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ADD TO YOUR LEARNING - The Philippine Teaching Ministry
The Philippine Teaching Ministry ADD TO YOUR LEARNING

RESOLVING BIBLE CONTRADICTIONS

By Rolan Monje, Oct 2003

Introduction

If you're like me, you probably have come across verses that don't jive with each other. Sometimes, the questions that arise are simple enough to answer by ourselves. At other times, the questions demand further research. But whether resolving takes a short or long time, the fulfillment after is worth the effort. This article is an introduction to the methods of reconciling "contradictory" Bible passages. To start with, here are some important points to consider when resolving Bible contradictions:

1. Since the Bible is a reliable book, we must understand that contradictions and alleged discrepancies arise because of human limitations.

2. No one is alone in figuring out Bible passages. The Bible was meant to be studied individually and also along with others.

3. Only prayer and careful study successfully clears away contradictions and helps build greater faith in God.

4. We may at times need to accept that we cannot find an exact solution that can satisfy us, especially in trivial issues of Scripture.

5. Many "serious" contradictions for the average person are not truly grave to the deeper Bible student.

6. It is not necessarily wrong for disciples to have different views about Bible passages, provided that these views do not go against the basic (saving) gospel.

7. Once Bible contradictions are resolved, it is still important for the reader to learn to apply certain Bible texts in daily life.

Because of these points, a helpful attitude to have is to believe that there is a solution even if you have not found it yet. Each Christian should find a healthy balance between analyzing the Scriptures (Acts 17:11-12) and accepting that certain things will be known only to God (Dt 29:29).

Fortunately, most textual (Bible) problems fall into certain categories. Some are solved by understanding historical background, some through ancient idiomatic expressions. Some involve the choice of words used in translation. Some involve variances in original manuscripts. Some require a combination of methods. So while a textual problem may seem unique, there are always similar problems that have been solved by careful study. Thus, many more contradictions are explained using the ways problems are solved in the past.

Basic Outline

Basic analysis of textual problems has four parts:

1. Definition of the problem - This is where you state the problem briefly, then try to breakdown the problem. You must try to think of why the problem arose in the first place. Try to specify the contradiction so that you have an idea about how it will be resolved. Is the problem an issue of names, places, numbers, or terminology? Could it be about a figure of speech? Could it have to do with traditional interpretation? Many times, the further steps can be determined at this point.

2. Contextual understanding - In this crucial portion, you study the passages closely, as well as the surrounding verses. Determine the purpose of the book, chapter, and passage. Try to understand what is going on and a feel of what the author is trying to say. Some things worth noting are the following:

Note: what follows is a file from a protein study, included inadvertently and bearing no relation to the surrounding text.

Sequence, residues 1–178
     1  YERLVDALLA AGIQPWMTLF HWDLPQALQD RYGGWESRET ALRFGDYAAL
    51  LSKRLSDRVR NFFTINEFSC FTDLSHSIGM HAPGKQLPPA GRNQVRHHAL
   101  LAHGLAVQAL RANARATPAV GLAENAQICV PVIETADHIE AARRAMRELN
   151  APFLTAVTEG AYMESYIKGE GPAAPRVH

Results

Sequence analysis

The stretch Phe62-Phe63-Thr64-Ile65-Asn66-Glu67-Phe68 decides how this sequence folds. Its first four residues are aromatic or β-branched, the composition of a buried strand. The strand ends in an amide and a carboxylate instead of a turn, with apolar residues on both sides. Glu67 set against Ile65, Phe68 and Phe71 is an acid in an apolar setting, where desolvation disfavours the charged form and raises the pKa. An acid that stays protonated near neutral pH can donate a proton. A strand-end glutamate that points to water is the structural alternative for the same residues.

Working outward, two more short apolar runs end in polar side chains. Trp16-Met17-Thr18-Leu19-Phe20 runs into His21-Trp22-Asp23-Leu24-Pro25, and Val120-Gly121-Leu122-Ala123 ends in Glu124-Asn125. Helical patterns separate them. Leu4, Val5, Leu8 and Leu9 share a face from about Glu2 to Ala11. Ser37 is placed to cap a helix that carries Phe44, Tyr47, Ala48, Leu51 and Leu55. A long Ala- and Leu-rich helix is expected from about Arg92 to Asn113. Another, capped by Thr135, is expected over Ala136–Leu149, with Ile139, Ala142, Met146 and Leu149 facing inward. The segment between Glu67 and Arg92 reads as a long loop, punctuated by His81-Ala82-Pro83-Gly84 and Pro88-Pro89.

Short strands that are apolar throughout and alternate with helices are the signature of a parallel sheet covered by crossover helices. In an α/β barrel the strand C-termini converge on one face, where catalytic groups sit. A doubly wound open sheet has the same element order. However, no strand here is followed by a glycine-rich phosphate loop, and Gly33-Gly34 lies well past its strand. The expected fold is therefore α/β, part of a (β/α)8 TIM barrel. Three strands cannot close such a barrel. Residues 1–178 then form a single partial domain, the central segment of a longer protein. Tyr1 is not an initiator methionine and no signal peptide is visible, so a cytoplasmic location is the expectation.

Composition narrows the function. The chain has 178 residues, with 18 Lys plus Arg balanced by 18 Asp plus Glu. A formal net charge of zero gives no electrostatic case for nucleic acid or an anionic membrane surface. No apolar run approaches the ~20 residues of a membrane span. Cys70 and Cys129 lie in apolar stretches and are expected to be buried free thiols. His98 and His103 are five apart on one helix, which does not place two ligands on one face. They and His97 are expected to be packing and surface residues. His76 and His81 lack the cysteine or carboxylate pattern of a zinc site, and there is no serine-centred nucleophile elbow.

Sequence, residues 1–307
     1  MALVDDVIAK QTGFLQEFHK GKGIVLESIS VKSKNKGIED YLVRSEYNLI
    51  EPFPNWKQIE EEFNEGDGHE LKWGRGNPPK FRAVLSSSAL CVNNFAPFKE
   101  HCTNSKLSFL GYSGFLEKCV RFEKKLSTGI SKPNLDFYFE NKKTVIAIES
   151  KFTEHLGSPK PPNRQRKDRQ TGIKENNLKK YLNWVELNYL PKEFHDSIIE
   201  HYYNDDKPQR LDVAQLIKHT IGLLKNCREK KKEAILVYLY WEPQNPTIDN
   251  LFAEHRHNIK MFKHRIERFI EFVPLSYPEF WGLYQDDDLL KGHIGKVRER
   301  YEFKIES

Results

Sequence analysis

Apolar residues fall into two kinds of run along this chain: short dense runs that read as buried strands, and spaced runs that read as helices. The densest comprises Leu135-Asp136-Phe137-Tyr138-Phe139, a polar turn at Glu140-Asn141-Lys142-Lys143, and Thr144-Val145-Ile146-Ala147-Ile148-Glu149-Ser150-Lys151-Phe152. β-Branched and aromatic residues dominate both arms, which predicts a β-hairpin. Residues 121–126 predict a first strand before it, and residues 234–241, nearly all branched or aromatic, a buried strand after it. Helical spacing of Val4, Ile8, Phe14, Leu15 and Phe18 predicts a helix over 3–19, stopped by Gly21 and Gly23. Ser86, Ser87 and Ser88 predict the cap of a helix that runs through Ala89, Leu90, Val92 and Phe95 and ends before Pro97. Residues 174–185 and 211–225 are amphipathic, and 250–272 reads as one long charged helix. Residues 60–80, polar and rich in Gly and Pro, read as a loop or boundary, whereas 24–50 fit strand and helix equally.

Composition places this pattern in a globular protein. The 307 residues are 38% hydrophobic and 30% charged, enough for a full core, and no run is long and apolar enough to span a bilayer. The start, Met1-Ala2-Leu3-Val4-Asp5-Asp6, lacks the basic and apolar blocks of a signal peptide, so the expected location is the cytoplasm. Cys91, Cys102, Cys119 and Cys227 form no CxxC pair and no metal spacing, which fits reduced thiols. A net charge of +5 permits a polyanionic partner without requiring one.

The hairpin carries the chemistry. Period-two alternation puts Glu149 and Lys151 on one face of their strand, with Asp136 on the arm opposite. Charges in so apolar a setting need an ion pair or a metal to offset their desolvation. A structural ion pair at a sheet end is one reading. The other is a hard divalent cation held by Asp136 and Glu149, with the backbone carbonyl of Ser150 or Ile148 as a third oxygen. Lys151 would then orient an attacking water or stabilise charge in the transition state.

a. History - Each book of the Bible has a history behind it. Passages can be misused when the intended hearers or intended meaning of a passage are not considered. Arriving at what a passage was intended to mean in history ("then and there") is called exegesis. This must be done before hermeneutics, the application for the "here and now".

b. Semantics - Each word in the Bible was used by the author for a reason. Even if translations are a secondary means of "reading" the text, the choice of words is still important. In this way, the way a word is used lends meaning to the sentence the word is in. Likewise, the way a sentence is worded lends meaning to the individual words within that sentence. Certain problems can be resolved by considering individual words.

c. Common sense - Each Bible author/scribe wrote to makes sense of words. Thus, we must be careful not to put outrageous meanings into a text. Many times, the immediate context plus the flow of a passage already clarifies important matters. Some problems quickly disappear when common sense is taken into account.

3. Extra-textual study - Find and connect other Bible passages that can shed light on the problem. Theme parallels and quotes in the Bible are very common. This cross-referencing exercise is useful even for daily Bible study.

4. Summary-solution - Combine all that you got from #2 and #3. Place your findings in complete summary sentences.

As a disciple practices these steps, apparent contradictions disappear. Note that the main thrust of each solution is determining the context. I have placed some examples where certain Greek and Hebrew words are discussed, but it is only because this is necessary for arriving at the context. Most of the time, the immediate context of the passages shed much light on the problem that further reference to Greek and Hebrew may not be necessary anymore. Plus, there are numerous verses in other parts of the Bible which, when carefully considered, relate clearly to the problem at hand. This does not belittle the need for understanding the text in the original languages, but it emphasizes the need for understanding Biblical context before anything else.

© 2004-2008 Rolan Monje. All Rights Reserved.